Since the snow is gone (yeah!), I began indigo dyeing. It was finally warm enough during the May long weekend to set up an indigo vat. I happily spent much of the weekend dipping: two tablecloths, a dozen or more napkins, cotton/rayon scarves, linen handkerchiefs, and quilting cotton. Not ready to throw out the indigo vat, I stored it under our deck.
A couple of weeks went by before I could get back to dyeing. I pulled out the indigo vat on Sunday to see if it was still viable. I tested a piece of pfd cotton and was surprised to find the indigo vat still had some life left! So I set up a makeshift indigo studio in the laneway.
I experimented with some small pieces of wool suiting, pfd cotton, linen/rayon crinkle scarves, cotton voile and double gauze cotton. The last two are new scarves that I am excited to be adding to my shop.
This pfd cotton has been dipped a few times and the colour is deeper than I was expecting.
One of the wool suitings scrunched and dipped. I didn’t expect the indigo vat to be viable so I didn’t have my drying rack set up. Instead, I used the bushes in our laneway.
Another wool suiting rolled and tied.
My neighbour showed up with this rack that she was going to throw out. It is perfect to use for hanging up the indigo dyed pieces. It just needs a little duct tape and will be a good addition to my dyeing supplies.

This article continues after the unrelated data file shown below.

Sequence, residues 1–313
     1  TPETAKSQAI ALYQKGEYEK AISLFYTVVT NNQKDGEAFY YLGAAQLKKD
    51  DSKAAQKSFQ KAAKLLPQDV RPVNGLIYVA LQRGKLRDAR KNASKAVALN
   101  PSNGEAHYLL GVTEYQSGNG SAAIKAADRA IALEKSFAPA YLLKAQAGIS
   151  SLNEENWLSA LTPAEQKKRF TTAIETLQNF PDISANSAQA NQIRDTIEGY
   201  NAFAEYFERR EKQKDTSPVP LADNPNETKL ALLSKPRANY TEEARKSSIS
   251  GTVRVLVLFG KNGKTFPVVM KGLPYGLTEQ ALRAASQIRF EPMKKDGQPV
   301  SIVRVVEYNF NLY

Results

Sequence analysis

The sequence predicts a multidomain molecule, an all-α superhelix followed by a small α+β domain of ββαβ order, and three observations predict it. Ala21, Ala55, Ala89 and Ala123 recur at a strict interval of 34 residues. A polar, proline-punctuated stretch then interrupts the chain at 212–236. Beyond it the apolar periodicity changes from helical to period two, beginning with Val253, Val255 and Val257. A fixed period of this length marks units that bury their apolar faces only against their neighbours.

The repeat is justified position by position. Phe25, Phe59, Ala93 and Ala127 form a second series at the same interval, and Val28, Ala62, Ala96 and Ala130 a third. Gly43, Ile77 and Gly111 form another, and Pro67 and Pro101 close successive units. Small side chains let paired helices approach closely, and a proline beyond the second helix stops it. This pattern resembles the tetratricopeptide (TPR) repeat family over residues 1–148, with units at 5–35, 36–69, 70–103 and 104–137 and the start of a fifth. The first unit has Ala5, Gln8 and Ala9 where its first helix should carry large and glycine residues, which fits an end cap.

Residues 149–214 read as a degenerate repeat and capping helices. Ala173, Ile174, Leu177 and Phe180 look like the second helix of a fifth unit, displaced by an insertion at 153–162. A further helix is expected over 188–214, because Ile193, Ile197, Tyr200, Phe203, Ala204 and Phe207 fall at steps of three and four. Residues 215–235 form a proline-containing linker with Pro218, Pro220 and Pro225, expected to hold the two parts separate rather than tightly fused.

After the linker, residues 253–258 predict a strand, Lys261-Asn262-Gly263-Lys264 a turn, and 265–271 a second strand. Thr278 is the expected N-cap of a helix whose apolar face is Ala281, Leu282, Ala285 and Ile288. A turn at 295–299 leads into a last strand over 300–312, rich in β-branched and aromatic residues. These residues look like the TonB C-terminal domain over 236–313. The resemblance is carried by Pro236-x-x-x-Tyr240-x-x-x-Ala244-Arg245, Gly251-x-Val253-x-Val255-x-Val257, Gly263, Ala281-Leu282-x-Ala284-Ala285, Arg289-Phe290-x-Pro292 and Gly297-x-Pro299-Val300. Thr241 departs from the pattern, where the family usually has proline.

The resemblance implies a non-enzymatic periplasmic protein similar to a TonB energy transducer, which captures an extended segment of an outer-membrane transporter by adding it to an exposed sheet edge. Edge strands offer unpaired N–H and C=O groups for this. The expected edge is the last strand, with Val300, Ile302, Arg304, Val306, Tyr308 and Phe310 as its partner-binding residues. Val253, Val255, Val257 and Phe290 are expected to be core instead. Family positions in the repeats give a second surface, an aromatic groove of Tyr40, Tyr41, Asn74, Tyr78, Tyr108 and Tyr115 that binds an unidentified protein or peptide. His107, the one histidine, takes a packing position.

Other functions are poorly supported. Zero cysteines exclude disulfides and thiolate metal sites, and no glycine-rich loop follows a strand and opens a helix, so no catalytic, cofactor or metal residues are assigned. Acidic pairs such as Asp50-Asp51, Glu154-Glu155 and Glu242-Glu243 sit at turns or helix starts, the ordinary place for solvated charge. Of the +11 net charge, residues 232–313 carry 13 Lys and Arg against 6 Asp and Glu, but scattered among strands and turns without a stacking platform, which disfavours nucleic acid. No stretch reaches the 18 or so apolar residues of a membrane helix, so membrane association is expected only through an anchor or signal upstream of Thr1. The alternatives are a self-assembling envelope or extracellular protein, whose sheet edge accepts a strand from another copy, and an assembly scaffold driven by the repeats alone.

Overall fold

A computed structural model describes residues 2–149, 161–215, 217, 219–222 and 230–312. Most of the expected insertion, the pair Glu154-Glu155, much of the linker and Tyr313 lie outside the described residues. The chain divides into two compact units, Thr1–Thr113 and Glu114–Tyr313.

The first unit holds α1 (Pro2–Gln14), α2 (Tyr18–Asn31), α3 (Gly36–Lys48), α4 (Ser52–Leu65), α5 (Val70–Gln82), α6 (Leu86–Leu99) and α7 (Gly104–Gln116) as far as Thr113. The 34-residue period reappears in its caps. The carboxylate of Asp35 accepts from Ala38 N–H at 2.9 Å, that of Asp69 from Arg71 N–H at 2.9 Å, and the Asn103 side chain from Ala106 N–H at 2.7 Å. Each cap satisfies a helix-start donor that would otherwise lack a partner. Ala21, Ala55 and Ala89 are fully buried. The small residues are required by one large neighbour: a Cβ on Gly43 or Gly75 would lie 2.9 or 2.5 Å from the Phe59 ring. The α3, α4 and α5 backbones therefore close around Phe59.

Here are a few of the pieces I’ve dyed during the second round of indigo dyeing drying on my new rack!
On Sunday, I left a piece of pfd cotton and a nui shibori scarf in the indigo vat overnight. On Monday, I pulled out the scrunched up pfd cotton and was happy to see a rich blue colour.
I recently read about an experiment where the dyer left pieces of fabric in an indigo vat overnight and compared those pieces to fabric that had been repeatedly dipped in the indigo. There was no difference in the depth of colour between the two, suggesting that repeated dips in indigo are not needed to dye a fabric, just a longer time in the vat. I haven’t washed these out yet, so I know that the colour will be lighter. I am happy to have had more time experimenting with this fascinating process.